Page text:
Photographs featured in the article by Eric Retterbush.
An article in the March 2021 Smithsonian Review written by Jade Begay, describes how five distaff physicians are working in the large Navajo territory to help their patients combining modern science with traditional Diné practices. The five women are photographed twice, once in customary Navajo dress, much of it handed down from family members, and again in their work clothes, sometimes with native touches, such as a beaded stethoscope to help make patients more comfortable. These good doctors and their hospitals and clinics offer spaces to encourage patients to pray and use traditional medicines and have hired traditional healing practitioners to support patients. They have also worked to employ personal phone calls and Zoom meetings, not rushed, to help patients and their families feel supported by a caring community. In November of last year the Covid-19 positivity rate reached a disturbing 37.8%, but, they report, since then, with a push to reach the underserved Diné community, vaccines have started to turn the tide. The community is anxious to resume normal life, which includes large communal ceremonies and celebrations.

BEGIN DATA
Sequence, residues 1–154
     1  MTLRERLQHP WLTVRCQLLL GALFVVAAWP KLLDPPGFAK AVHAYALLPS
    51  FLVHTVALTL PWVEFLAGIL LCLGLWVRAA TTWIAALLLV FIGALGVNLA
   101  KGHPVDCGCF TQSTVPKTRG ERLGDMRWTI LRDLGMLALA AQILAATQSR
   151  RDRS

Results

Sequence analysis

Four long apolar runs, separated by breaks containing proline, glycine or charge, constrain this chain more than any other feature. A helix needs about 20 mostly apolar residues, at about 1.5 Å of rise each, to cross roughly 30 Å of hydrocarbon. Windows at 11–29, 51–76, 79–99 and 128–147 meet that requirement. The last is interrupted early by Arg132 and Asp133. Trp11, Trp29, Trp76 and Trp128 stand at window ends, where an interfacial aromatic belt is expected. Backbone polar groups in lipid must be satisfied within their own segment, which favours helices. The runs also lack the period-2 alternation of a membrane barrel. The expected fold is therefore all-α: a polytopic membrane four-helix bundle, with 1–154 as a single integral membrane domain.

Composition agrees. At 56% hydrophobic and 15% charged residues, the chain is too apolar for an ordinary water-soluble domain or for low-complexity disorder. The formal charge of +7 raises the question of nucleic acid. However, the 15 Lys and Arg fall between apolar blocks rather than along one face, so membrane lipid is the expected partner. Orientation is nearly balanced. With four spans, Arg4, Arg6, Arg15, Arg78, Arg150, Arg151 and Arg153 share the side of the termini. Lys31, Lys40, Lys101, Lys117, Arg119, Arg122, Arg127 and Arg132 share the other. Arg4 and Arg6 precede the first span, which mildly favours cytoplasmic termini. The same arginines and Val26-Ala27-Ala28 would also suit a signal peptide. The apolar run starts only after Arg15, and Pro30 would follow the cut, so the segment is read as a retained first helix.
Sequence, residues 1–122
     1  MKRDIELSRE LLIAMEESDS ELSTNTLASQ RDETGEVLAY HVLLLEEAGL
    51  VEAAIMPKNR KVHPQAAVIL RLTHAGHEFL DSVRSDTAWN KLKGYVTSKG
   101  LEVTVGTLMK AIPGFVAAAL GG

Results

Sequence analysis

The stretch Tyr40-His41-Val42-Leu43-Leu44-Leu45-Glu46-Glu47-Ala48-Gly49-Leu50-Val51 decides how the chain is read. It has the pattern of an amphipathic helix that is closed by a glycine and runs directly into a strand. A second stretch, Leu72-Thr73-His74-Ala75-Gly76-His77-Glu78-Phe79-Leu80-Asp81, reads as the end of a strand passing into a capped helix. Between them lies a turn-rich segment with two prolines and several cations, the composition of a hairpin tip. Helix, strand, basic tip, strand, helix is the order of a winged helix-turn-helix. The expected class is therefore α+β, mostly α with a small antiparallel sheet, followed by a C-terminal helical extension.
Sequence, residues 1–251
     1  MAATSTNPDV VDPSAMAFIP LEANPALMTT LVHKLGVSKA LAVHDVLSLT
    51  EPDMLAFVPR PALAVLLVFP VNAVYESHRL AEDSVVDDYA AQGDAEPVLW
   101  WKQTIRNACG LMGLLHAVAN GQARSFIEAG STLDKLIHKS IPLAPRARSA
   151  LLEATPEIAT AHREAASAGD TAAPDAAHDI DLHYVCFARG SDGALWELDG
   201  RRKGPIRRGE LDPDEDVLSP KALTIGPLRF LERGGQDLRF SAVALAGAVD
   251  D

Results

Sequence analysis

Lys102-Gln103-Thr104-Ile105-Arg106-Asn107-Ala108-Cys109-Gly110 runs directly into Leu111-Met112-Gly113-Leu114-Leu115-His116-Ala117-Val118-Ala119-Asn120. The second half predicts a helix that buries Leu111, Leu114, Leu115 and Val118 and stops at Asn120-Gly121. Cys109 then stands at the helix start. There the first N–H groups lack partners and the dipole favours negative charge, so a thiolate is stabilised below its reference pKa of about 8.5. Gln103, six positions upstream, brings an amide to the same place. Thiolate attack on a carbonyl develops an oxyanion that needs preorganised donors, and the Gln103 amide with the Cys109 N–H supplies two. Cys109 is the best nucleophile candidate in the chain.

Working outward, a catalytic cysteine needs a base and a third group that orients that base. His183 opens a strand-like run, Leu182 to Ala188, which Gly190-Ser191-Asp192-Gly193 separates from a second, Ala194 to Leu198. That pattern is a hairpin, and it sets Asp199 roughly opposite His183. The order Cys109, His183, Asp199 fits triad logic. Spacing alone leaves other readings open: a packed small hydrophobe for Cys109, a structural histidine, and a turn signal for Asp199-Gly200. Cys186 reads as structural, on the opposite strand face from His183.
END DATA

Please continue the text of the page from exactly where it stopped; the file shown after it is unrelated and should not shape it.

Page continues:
Here is the link for the Smithsonian article:
How Navajo Physicians Are Battling the Covid-19 Pandemic | Science | Smithsonian Magazine